Maximising the use of home-grown grass silage and extended grazing has enabled one Dorset producer to maintain two successful dairy herds, whilst also achieving excellent feed efficiency.
James Cossins farms near Blandford, Dorset, where, with the help of his daughter Georgie and seven other members of staff, he manages two dairy herds, a large arable enterprise and a beef finishing business, across 2,200 acres.
"We run two herds of Holstein-Friesians on seperate sites, but with very similar setups", explains James. "Our Rawstar herd is typical of the two herds and has 174 cows, milked twice a day, with current rolling average yields of 8,480 litres per cows; with butterfat at 4.09% and protein at 3.25%.
"One of our key goals is to feed cows as efficiently as possible, with a strong focus on home-grown forage. Our system is structured around this ethos and we are currently achieving 59% of total yield from forage, with a rolling feed rate of 0.21kg/litre."
Steve Toop is herdman for the Rawstar herd and oversees the day-to-day management of the cows. Maintaining a simple feeding system, that makes the most of grass leys, is the cornerstone of his efforts on farm.
"When i started working with James 18 years ago, we restructured the farm's grass leys, splitting them into six night paddocks and eight day paddocks", Steve explains. "We aim to turn cows out in February and, as long as conditions hold, they won't come back indoors full-time until November.
"In order to maintain energy intakes later in the season when grass growth and quality starts to drop off, we turn the cows out to graze forage crops through to mid-November. This year we have used kale, but we have grown turnips in the past."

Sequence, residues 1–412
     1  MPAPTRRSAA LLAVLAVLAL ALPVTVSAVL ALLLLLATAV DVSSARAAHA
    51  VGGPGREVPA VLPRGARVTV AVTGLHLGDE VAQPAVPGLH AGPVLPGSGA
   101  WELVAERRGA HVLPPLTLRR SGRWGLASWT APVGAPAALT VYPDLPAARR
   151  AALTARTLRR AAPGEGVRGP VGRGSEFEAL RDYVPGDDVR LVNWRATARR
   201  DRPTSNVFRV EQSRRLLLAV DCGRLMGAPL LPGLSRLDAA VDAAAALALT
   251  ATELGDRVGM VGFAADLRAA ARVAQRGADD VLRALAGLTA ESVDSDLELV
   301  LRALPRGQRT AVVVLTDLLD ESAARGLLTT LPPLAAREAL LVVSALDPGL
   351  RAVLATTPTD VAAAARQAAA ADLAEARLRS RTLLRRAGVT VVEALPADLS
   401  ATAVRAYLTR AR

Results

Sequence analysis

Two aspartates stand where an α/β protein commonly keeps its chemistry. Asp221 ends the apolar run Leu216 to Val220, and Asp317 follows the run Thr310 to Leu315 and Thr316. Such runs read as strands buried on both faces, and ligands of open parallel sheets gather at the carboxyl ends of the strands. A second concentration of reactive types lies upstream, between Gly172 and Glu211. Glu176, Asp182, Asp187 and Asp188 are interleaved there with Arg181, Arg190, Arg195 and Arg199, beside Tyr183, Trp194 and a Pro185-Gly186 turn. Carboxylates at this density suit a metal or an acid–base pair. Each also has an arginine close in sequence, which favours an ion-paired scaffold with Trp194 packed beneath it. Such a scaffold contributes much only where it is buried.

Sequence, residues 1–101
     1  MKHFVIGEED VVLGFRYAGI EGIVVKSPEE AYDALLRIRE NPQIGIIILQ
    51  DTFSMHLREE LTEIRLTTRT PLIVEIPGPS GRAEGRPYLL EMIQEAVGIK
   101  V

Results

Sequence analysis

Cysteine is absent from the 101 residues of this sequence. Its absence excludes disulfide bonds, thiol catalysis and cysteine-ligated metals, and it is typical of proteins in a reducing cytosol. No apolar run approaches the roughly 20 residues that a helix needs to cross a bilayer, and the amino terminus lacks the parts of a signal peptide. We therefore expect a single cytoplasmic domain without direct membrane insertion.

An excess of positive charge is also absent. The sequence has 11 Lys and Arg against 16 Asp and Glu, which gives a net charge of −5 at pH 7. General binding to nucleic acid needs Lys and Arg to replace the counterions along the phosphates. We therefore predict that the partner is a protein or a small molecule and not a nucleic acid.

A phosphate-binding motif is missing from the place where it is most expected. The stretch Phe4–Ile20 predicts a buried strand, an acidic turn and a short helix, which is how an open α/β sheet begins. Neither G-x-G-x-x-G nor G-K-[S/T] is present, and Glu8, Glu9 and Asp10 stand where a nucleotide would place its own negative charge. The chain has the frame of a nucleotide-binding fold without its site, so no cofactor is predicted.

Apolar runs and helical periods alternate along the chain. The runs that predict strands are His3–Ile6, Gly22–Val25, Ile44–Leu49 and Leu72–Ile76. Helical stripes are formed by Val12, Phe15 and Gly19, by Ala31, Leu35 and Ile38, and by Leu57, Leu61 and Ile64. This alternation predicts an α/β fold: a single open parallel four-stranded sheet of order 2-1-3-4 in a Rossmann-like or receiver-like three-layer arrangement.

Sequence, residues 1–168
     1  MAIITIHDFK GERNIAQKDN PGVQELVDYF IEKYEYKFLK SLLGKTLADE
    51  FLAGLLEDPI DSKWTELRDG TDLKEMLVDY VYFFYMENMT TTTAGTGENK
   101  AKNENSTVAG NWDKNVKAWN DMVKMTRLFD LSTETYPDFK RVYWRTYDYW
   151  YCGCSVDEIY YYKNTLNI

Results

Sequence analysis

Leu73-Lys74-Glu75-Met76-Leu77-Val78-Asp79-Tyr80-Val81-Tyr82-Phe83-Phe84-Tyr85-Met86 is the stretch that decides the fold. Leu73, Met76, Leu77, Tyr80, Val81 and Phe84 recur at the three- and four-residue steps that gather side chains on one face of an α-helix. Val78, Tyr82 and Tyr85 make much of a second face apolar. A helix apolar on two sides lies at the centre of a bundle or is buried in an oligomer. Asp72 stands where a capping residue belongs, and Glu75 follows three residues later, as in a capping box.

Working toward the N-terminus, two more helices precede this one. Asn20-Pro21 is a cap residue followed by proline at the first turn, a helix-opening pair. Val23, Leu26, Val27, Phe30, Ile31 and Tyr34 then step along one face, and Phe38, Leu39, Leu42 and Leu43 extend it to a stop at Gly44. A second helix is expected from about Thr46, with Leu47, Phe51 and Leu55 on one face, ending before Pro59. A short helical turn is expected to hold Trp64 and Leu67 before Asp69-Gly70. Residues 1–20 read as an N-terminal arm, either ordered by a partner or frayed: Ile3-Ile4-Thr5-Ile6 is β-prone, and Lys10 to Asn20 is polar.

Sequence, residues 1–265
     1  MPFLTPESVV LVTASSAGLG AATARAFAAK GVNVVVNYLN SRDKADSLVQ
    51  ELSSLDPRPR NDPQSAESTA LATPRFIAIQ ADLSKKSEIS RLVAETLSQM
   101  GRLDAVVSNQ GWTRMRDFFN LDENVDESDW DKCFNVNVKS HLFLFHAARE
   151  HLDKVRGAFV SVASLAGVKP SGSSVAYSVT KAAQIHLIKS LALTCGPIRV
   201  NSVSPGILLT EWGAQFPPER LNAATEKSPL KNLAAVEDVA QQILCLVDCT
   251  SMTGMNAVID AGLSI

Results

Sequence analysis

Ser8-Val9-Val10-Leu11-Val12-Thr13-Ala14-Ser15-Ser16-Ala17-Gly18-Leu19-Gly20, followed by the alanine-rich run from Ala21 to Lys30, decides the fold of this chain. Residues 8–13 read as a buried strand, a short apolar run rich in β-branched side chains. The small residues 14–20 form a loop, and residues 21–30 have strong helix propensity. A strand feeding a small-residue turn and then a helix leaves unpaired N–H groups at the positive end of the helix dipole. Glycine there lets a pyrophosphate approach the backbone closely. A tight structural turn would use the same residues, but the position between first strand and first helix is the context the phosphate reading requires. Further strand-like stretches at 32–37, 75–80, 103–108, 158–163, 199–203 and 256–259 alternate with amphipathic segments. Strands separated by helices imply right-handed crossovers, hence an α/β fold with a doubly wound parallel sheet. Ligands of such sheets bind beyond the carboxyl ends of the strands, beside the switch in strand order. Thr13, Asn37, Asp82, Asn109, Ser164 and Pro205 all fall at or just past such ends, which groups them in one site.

During the grazing period, cows go out onto a fresh paddock every day, and night paddocks - which are kept as permanent pasture - are located close to the cow housing and parlour for easy access. The night paddocks are strip-grazed during the early spring and Georgie thinks this system works well.
"We want to get the most out of every bit of grass and strip-grazing the night paddocks helps us achieve this", states Georgie."While it is extra work, by strip grazing we don't have any waste and cows graze grass right down before moving on to fresh pasture."
With a strong focus on efficiency, it is no surprise that the feeding system implemented across the herds has been pared back and simplified.
"During the winter period, we feed a mix of home-grown grass and maize silage - usually at a rate of around five tonnes of grass and three and a half tonnes of maize," explains Steve. "This is shear grabbed from the pit and placed in troughs, with the maize on top of the grass. We don't use a mixer wagon or a tractor and this helps to keep costs down".
Cows are supplemented with ForFarmers Optima parlour concentrate according to grass intakes and quality. First calvers will typically be fed around 10kg of concentrate, mid-yielders 7.5kg and dry cows, 1kg. During the spring and summer, when cows are out at grass, the protein and MELK content of the cake is altered according to how much protein and energy grass is providing.
"We aim to minimise the amount of of bought-in feed we use on farm and our most recent data on margin over purchased feed (MOPF) is currently 18.4 pence per litre", notes James. "We grow good grass, usually taking three or four cuts each year, as well as around 70 acres of good quality maize to supply both herds, so it makes sense to get the most out of these resources."
With grass playing such an important part of the dairy business, keeping track of its quality and impact on cows is crucial.
The Cossins used the ForFarmers SilageManager service to analyse their silage. It uses Dry NIR technology to predict what impact each nutrient will have on rumen health, as well as its yield potential.
ForFarmers account manager Dave Hunt also suggested that both of the businesses' herds adopt the VISIOLAC and INSIGHT reporting systems to help monitor rumen and herd performance. They have proven useful sources of information to assist with decision-making on farm.
James explains: "The reporting systems show in graphical form exactly what we should be getting out of the cows, according to what they are being fed. It allows us to identify any drops in performance, show us why these problems are occurring and then plan to avoid similar drops in the future."
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